Located amid dense forests on the coast, this city has one goal in mind: Boards. Build roads on its forests as needed to raise its Lumber capacity to the nearest multiple of 4, then fill it with Lumberjacks, 1-2 craftsmen, and as many Farmers as necessary to feed it.
If it has a mountain or a hill with ore, then it can produce some of its tools locally, but I’ve found it simpler just to make the tools in other colonies and send them in via roads.
The forests around your shipyard will not be enough as your thirst for Boards grows with your ambition. Set up a number of small colonies with just a Lumberjack and some other colonist to provide food. This minimal effort will give you +4 Lumber to export to wherever you please.
Settled next to a Mountain, or a Hill with Ore, build a Mine to raise your Ore capacity above 4 and set a Miner to work, with a partner to keep him fed. +4 Ore! Export it to wherever you need Tools.
Wait, making tools requires Lumber and Ore. Shipping Ore off to the Shipyard will just increase its lumber demands even further, necessitating another Lumber Camp. What if you made the tools HERE?
Take your Mining Town, but then give it its own dedicated Lumberjack. Then add a Farmer to feed them, and then a 4th colonist is free to play Blacksmith and convert the Ore and Lumber into Tools on-site! 4 People working in sync to produce +2 Tools per turn in a perfectly balanced economy. Instead of having to ship 8 resources via roads, you’re shipping 2 manufactured goods.
The Tool Town, as amazing as it is, only uses half of its nominal capacity. What would it take to produce 4 Tools/turn?
This can’t be done just anywhere. Look for a site with 2 Mountains, a Mountain + Hill, or 3 Hills. With Mines and Roads as needed, you can raise your Ore Capacity to 8.
Hopefully there are enough forests to provide 8 Lumber as well. (If not, you’ll need to build another Lumber Camp.)
2 Miners and 2 Lumberjacks can provide enough material for 4 Tools/turn. This can be done by 2 Colonists, 1 Master Craftsman, 1 Journeyman with a Blacksmith, or 1 Colonist with a Forge.
These 5-6 people can be fed by 2 Farmers.
All in all this city will hold 8 People and export 4 Tools/Turn to wherever they are needed.
The only downside is that you will need some construction time to build a Well so that you can fit more than 5 people in the city.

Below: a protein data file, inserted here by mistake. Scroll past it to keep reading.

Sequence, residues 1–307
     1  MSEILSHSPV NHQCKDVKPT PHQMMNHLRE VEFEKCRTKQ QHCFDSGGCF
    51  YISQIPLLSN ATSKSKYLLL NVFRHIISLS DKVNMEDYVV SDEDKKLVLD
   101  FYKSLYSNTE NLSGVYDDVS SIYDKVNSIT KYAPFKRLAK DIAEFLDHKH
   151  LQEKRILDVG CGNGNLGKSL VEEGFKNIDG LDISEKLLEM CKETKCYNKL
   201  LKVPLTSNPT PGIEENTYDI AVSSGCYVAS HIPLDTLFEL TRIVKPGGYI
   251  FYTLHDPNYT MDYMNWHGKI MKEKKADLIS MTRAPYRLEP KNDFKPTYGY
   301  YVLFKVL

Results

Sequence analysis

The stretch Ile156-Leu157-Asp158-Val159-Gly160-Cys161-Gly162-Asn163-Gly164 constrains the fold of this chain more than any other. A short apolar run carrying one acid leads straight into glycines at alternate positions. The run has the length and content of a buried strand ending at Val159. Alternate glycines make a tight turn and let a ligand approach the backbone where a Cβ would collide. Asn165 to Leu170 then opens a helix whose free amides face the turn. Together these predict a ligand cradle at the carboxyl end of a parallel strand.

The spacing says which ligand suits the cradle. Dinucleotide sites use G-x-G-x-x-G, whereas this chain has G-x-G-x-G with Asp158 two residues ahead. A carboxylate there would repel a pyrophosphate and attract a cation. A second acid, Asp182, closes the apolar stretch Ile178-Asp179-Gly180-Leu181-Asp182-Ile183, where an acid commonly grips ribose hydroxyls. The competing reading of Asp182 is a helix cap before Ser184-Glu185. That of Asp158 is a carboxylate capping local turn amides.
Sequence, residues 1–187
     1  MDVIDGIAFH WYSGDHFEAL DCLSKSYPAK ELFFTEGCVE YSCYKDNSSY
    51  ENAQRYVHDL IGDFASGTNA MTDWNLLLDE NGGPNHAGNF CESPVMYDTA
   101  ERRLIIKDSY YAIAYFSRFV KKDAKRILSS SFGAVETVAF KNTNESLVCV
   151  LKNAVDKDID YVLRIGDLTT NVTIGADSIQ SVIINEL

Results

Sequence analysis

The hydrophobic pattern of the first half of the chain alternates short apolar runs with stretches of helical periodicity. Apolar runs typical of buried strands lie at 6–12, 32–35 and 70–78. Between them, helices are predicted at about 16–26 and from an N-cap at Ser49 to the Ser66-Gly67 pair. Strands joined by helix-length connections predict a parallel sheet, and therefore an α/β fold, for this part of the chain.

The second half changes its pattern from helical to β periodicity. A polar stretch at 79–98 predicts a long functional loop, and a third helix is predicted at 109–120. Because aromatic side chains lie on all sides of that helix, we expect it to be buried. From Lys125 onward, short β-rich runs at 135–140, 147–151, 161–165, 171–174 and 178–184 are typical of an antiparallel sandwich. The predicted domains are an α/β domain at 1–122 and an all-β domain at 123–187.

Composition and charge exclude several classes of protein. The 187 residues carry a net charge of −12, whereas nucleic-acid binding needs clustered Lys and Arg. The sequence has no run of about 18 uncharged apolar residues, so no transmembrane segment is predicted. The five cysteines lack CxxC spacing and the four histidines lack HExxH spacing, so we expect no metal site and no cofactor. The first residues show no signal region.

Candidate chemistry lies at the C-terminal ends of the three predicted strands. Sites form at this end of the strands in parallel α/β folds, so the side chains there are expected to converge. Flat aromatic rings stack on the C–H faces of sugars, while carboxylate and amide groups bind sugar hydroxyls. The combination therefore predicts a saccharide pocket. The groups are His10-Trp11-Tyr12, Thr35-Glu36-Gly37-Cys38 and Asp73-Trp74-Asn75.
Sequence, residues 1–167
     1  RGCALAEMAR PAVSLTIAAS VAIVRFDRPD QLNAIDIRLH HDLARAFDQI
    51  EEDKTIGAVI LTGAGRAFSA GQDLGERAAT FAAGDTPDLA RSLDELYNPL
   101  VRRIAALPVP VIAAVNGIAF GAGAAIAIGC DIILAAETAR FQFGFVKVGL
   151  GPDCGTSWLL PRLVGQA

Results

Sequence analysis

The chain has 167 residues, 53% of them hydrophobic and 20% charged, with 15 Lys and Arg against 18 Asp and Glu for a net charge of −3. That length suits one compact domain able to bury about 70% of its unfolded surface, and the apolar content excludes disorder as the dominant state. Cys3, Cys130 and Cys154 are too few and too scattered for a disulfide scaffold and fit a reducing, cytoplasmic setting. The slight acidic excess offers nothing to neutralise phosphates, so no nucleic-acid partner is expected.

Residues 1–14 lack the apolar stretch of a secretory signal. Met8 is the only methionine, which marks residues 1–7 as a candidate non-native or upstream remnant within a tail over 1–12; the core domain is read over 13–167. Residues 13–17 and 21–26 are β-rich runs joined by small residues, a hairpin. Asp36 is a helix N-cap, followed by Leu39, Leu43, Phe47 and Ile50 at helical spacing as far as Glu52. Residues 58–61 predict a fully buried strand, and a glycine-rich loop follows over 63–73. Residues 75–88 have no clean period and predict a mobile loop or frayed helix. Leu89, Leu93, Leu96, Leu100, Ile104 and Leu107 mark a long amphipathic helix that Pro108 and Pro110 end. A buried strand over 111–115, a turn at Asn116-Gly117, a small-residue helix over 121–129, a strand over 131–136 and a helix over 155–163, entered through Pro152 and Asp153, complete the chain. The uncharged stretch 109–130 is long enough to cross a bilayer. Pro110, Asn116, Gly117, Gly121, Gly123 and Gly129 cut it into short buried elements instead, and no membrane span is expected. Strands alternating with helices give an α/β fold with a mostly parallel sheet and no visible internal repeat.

The Spice must Flow! Like a Lumber Camp, but for spice. Good when you need just a little more cash, but don’t want to make a large investment. 2 Random colonists will give +2 Spice.
Similar to the Tool Town, but produces Manufactured Goods instead.
- Basic Version: 1 Farmer, and 3 Colonists.
Farmer grows food, 2 colonists grow +4 cash crops, 1 colonist turns it into +2 manufactured goods.
- Advanced Version: 3 Farmers, 1 Journeyman
1 Farmer grows food, 2 Farmers grow +6 cash crops, Journeyman turns that into +3 manufactured goods.
Advanced version is more productive, but much more expensive since it uses Farmers which are always in high demand (putting their hiring price high). You’re almost always better off letting Farmers grow Food and letting non-specialists do the other work.
Fishermen aren’t very valuable since they only help cities that are surrounded by worthless Ocean. Better than trying to export that food to other colonies (and creating a logistics headache), try turning it into a Manufactured Good: Horses!
1 Fisherman producing surplus food, and 1 Colonist growing a herd of horses. A Dock can raise the efficiency of the Fisherman so that even more horses can be grown.
Minimizing the journey time for boats is important. Building a city as far east as possible shorten the journeys ships need to make and thus increase your cargo capacity. 4 resources/turn is the limit for delivering goods via roads, but there’s no limit to how much a city can RECEIVE!
Send all your cash crops and manufactured goods here to be picked up by your ships.